Response to Original message
3. Should be as easy
as filling out a new voter registration card.

And welcome.
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Jacobin Donating Member (1000+ posts) Send PM | Profile | Ignore Mon Nov-10-08 05:52 PM
Response to Original message
4. In my state you just go to the registrar of voter's office and fill out
a form.

Call your registrar's office
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annabanana Donating Member (1000+ posts) Send PM | Profile | Ignore Mon Nov-10-08 05:54 PM
Response to Original message
7. ps: That is a nice post. . . .Welcome to DU. . .
Let us know how you do.
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RJ Connors Donating Member (679 posts) Send PM | Profile | Ignore Mon Nov-10-08 05:58 PM
Response to Reply #7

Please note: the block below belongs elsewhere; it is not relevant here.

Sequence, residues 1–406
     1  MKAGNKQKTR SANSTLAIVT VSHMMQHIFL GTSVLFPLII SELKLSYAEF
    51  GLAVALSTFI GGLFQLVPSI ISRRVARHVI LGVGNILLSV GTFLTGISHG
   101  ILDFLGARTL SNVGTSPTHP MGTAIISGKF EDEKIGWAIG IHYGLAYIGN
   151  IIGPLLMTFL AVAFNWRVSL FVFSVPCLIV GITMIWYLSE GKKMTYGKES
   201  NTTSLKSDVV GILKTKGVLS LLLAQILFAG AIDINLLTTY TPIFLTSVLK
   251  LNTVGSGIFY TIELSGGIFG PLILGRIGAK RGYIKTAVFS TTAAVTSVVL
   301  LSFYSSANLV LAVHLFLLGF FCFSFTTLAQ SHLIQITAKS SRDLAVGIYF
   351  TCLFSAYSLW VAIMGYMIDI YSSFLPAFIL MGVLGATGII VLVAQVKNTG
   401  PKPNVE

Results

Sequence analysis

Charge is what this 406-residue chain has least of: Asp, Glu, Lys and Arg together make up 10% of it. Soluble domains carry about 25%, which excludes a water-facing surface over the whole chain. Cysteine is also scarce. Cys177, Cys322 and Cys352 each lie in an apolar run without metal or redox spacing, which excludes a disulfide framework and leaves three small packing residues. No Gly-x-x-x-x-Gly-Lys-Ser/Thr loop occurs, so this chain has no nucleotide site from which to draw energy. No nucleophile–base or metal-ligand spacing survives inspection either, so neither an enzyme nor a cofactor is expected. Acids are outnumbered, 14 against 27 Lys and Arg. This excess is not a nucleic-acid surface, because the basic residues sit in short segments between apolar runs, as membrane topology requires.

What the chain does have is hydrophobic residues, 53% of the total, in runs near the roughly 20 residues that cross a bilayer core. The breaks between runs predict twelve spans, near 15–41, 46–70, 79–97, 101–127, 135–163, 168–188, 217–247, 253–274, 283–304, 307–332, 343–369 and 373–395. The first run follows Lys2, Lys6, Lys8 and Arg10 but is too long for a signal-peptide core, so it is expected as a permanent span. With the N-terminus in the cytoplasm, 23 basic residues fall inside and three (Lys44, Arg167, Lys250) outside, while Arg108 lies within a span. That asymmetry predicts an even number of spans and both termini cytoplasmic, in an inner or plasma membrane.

11. Thank you. Yes with Obama being elected it has renewed my faith
in the political process and now again makes sense to get involved in local politics. But I think most of the people have given me that answer in that I just have to fill out a new form. I have to go down to the courthouse on Wed so I think I will get that done then. :hi:
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Justitia Donating Member (1000+ posts) Send PM | Profile | Ignore Mon Nov-10-08 06:17 PM
Response to Reply #11
15. Here is a link to the IN form for the Sec of State - no party affiliation.
http://www.in.gov/sos/elections/pdfs/VRG7_080108_revisi...

I really don't think you have to do anything.

If it is like TX, if you vote in a primary they mark you "R" or "D" - but only to keep you from voting in both, not to affiliate you with a party.